Today I Learned

TIL, 2022-03-23, ngrxLet and current value of RxJS subject

  • Simple way to get the current value of a BehaviorSubject with RxJS Reference
    • myBehaviorSubject.value.
  • ReplaySubject - replays/emits old values to new subscribers.
  • How to get the last value from a ReplaySubject? Reference
    • last will wait for a stream to complete, then give you the last value emitted before the stream ended. So in order for it to work, the stream will need to end. To make subscribers receive the last value emitted, consider reaching for BehaviorSubject, which was designed for this use case.

How to get current value of RxJS Subject or Observable?


  • The only way you should be getting values “out of” an Observable/Subject is with subscribe! If you’re using getValue() you’re doing something imperative in declarative paradigm. It’s there as an escape hatch, but 99.9% of the time you should NOT use getValue(). There are a few interesting things that getValue() will do: It will throw an error if the subject has been unsubscribed, it will prevent you from getting a value if the subject is dead because it’s errored, etc. But, again, it’s there as an escape hatch for rare circumstances.

There are several ways of getting the latest value from a Subject or Observable in a “Rx-y” way:

  • Using BehaviorSubject: But actually subscribing to it. When you first subscribe to BehaviorSubject it will synchronously send the previous value it received or was initialized with.
  • Using a ReplaySubject(N): This will cache N values and replay them to new subscribers. A.withLatestFrom(B): Use this operator to get the most recent value from observable B when observable A emits. Will give you both values in an array [a, b].
  • A.combineLatest(B): Use this operator to get the most recent values from A and B every time either A or B emits. Will give you both values in an array.
  • shareReplay(): Makes an Observable multicast through a ReplaySubject, but allows you to retry the observable on error. (Basically it gives you that promise-y caching behavior).
  • publishReplay(), publishBehavior(initialValue), multicast(subject: BehaviorSubject ReplaySubject), etc: Other operators that leverage BehaviorSubject and ReplaySubject. Different flavors of the same thing, they basically multicast the source observable by funneling all notifications through a subject. You need to call connect() to subscribe to the source with the subject.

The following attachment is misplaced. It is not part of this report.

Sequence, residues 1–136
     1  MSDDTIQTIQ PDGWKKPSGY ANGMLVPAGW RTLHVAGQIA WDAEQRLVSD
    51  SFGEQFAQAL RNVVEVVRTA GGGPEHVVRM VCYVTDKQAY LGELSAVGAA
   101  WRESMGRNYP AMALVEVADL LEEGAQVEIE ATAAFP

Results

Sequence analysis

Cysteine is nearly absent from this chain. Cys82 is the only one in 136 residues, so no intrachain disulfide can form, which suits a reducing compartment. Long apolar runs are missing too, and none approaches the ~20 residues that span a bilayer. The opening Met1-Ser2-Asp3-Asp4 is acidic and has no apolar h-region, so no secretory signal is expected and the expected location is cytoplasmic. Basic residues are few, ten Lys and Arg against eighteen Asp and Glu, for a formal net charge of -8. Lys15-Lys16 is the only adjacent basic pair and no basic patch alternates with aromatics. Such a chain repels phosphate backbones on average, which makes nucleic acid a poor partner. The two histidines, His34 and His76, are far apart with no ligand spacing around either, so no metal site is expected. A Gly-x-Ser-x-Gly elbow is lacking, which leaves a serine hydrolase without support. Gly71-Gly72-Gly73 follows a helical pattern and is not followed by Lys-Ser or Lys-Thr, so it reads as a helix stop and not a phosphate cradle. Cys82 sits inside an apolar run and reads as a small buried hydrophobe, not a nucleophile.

• ngrxPush is a drop-in replacement for the async pipe.
  • ngrxLet directive provides a structural directive with better support for handling observables.

Async pipe:

<ng-container *ngIf="observableNumber$ | async as n">
  <app-number [number]="n">
  <app-number-special [number]="n">
  • The problem is *ngIf is also interfering with rendering and in case of a falsy value the component would be hidden.


  • Binding is always present. (*ngIf="truthy$")
  • Takes away the multiple usages of the async or ngrxPush pipe
  • Provides a unified/structured way of handling null and undefined.
  • Triggers change-detection differently if zone.js is present or not (ChangeDetectorRef.detectChanges or ChangeDetectorRef.markForCheck).
  • Triggers change-detection differently if ViewEngine or Ivy is present (ChangeDetectorRef.detectChanges or ɵdetectChanges)
  • Distinct same values in a row (distinctUntilChanged operator),

With the ngrxLet directive we could get rid of that *ngIf trick that we love-hated


  • So what’s wrong with that? Sounds perfect. And it almost is. We don’t like the fact that we co-opted the *ngIf for something that wasn’t really a show/hide issue. In fact, we may have a different *ngIf statement that we want to use here. Also, using *ngIf here can interfere with Angular’s rendering and if your observable returns a falsy value, your div will hidden. Messy.

Interesting Reddit thread


  • View model approach - it’s a love-hate thing.

This project is maintained by daryllxd